What is He suggesting? It was quite confusing for Israelites. They use to protect their identity by separating from others. Now God Himself is saying to blend with other nations. To seek the welfare of this city and to pray on its behalf. To seek the welfare of hostile Babylonians and to pray for them? What is this all about? They were confused.

But what does it mean for us? Is there anything God wants us to learn from Jeremiah’s message? And there is a lot, indeed. Jeremiah teaches us something that we all tend to forget.

Israel thought that they were God’s holy people, and they were. Unfortunately they failed terribly. They thought that they need to keep their holiness by separating from other nations. Especially now, when they were in Babylon.

They were the Church of the Old Testament. And that was their thinking. We, Christians, we are the Church of the New Testament. What is our thinking? Isn’t our thinking often very similar to Israelites?

We are holy people, we are the Church, let’s keep separated from this evil world. Don’t mix with them. Let’s focus only on keeping ourselves pure and clean. That was Israel’s thinking and this is so often thinking in churches today.

What can we learn from Jeremiah? God who spoke through Jeremiah spoke also to Moses when He said that all nations belong to Him. That He is God of all creation. All nations and all creation. That’s right.

Not just God of Israel or not just God of Christians. He is the Creator of this world. This is His world. And He had send Israelites, and now He has send us, Christians, to take care of this world, to seek its welfare and to pray for it. Not just for the Church, but for the world.

But what do we do, how do we think? Let us reflect for a while. Which people do we thing do the most for God? Who are the most holy people?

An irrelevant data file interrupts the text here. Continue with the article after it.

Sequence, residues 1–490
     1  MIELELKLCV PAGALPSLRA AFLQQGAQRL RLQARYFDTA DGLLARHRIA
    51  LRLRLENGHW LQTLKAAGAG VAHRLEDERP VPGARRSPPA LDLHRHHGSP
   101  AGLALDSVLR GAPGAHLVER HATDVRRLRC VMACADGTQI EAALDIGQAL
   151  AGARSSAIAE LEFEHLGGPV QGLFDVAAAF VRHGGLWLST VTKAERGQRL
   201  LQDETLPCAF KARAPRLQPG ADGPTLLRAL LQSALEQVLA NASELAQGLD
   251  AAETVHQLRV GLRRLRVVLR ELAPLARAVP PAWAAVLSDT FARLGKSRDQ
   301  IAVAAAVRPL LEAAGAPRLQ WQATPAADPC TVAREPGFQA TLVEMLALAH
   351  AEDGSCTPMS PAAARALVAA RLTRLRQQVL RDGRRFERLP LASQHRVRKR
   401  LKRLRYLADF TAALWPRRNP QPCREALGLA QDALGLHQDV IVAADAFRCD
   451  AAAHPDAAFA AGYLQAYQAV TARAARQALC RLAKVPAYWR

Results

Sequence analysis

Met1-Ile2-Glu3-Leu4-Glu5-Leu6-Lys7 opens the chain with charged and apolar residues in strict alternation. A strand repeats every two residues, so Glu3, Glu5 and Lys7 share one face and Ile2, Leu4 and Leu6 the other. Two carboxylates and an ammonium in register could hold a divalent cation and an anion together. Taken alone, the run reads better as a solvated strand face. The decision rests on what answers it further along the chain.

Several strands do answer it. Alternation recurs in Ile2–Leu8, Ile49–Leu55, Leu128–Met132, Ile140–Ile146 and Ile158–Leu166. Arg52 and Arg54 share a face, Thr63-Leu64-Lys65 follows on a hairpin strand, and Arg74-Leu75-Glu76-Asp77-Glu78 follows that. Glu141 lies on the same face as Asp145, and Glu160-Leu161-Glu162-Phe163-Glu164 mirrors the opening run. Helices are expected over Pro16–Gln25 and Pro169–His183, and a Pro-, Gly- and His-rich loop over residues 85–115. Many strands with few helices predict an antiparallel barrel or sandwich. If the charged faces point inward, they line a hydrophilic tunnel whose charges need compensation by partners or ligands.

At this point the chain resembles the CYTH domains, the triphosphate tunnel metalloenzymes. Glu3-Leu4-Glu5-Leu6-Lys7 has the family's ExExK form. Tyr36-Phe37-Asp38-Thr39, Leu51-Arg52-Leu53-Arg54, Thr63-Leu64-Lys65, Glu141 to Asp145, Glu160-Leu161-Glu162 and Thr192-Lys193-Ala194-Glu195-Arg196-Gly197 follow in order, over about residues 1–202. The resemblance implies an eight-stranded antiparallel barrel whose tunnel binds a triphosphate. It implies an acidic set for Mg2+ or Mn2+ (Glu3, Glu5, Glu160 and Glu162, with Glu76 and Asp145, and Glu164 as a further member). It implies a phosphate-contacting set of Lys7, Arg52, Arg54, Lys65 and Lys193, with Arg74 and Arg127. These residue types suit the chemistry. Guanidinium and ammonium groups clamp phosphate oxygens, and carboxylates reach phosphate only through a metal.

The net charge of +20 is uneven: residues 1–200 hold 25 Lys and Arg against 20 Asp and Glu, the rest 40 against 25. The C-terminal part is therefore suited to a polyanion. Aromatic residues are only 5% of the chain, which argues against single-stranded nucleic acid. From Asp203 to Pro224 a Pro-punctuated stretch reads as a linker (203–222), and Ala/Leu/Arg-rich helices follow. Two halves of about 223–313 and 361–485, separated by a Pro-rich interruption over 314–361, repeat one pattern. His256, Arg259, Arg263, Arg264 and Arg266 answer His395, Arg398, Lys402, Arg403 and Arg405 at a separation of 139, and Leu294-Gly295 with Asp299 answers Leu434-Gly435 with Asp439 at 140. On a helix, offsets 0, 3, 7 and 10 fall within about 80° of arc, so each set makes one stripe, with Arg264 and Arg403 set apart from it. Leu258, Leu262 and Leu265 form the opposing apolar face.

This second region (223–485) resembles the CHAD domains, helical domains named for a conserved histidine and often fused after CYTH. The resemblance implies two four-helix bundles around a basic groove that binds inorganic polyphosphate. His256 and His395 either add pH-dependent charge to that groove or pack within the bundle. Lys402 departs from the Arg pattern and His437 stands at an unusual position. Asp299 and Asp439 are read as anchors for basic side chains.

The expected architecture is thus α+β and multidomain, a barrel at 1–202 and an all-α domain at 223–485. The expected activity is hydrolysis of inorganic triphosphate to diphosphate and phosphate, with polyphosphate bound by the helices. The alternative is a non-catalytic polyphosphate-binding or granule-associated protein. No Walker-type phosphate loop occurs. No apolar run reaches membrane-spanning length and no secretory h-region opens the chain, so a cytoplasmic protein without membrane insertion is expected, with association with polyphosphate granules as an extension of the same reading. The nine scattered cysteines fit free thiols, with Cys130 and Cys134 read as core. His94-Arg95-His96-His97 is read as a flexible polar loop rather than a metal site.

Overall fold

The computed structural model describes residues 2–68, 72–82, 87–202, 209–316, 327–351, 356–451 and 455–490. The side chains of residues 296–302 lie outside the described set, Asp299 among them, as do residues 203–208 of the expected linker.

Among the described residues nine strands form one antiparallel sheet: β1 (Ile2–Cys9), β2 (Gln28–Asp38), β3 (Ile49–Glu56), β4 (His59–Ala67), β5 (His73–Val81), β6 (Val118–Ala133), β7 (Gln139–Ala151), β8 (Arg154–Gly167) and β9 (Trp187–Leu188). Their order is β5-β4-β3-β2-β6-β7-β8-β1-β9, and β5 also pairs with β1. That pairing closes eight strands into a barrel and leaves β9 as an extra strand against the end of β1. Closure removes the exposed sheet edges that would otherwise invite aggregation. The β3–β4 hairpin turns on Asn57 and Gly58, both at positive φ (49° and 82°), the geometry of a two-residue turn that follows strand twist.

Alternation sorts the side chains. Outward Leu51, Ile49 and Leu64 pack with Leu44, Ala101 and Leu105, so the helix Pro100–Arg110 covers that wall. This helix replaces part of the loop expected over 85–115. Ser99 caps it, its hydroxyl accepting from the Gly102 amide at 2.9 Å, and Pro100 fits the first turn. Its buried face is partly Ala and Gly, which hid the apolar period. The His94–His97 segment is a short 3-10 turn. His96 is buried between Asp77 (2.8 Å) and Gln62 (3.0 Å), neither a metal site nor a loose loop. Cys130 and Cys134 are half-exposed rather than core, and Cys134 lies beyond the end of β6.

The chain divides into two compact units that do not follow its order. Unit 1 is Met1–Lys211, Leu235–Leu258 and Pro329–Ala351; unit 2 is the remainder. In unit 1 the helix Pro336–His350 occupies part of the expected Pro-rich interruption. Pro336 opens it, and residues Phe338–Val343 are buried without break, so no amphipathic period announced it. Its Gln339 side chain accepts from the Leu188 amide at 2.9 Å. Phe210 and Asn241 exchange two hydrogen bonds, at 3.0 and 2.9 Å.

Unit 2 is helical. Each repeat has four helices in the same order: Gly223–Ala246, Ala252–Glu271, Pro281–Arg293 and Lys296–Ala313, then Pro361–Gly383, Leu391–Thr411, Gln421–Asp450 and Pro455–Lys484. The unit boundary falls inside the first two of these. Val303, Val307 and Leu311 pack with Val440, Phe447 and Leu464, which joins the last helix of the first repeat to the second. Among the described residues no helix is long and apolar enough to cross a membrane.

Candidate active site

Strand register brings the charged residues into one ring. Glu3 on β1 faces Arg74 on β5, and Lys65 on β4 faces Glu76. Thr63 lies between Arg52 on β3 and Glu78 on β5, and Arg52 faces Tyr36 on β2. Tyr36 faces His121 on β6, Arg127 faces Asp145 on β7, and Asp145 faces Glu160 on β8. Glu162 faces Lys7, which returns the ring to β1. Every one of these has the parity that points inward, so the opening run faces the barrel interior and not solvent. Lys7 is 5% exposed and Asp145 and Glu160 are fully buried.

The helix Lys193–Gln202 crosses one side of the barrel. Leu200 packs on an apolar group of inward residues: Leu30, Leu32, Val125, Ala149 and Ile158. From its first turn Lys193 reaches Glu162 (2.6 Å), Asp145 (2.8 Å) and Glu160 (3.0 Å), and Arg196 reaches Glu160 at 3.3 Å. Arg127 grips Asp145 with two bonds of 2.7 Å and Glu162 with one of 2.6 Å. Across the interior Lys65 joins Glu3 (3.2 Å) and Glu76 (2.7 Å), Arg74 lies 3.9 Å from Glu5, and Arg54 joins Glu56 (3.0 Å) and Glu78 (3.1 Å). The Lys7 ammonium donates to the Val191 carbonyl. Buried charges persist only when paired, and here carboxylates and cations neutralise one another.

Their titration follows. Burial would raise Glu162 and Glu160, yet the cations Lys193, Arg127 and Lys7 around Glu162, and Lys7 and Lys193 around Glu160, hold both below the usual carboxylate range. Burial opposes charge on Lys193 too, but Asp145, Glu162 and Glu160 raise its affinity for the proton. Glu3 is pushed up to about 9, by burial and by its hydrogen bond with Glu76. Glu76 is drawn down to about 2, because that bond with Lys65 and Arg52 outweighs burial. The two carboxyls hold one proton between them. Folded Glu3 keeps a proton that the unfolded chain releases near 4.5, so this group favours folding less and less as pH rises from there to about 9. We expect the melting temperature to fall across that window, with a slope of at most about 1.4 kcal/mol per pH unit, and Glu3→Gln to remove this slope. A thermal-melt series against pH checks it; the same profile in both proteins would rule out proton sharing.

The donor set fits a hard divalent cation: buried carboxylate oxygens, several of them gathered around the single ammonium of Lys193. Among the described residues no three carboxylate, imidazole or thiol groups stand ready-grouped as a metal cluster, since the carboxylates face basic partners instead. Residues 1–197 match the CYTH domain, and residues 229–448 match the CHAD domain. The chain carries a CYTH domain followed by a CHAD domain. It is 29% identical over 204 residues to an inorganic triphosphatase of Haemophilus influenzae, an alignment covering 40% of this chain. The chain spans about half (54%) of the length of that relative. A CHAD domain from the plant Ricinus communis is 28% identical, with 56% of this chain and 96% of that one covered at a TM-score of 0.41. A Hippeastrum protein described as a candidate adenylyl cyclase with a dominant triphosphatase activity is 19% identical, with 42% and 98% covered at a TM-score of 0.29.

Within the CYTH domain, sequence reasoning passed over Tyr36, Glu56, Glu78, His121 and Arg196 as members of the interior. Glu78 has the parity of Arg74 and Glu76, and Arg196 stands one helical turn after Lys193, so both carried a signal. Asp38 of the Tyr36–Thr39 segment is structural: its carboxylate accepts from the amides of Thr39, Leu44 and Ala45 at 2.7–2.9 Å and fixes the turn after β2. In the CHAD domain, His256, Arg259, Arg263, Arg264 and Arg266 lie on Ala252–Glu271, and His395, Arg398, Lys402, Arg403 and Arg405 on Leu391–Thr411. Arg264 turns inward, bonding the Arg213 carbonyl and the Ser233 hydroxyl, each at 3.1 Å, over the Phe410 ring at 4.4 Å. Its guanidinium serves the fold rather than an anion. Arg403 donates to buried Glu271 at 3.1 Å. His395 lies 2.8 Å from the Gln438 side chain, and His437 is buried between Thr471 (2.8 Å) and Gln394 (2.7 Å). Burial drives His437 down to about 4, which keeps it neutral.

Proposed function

Those who do something in the church. Right? Pastors or other kinds of people who deal with things of God. They are the most holy people. The most spiritual people. They do God’s work, and we, others, we just do our regular earthly work.

Again, where we do something together with God? Where we are His co-workers? When we do something in the Church. For congregation. Right? Would you agree that this is very widespread understanding?

But, it is so wrong. Yes, it is so, so wrong. In every way. This is one thing we can learn from the Old Testament and from the message of Jeremiah. True God, He is God the Creator. The Creator of everything. And we are created to take care of His creation. That’s our first and the most important task.

When we look how the creation of man and its purpose is described in the beginning of the Bible, we read that man was created in God’s image and likeness. And commanded to be fruitful and multiply, to fill the earth and to rule it. What does this all mean for us?

We all are created in His image. All of us, each of you. It means that we are created to be His representative on the earth, and to act like He would act. Each of us, we are so unique, our age, gifts, knowledge, skill, relationships in which God has put us. They all are unique.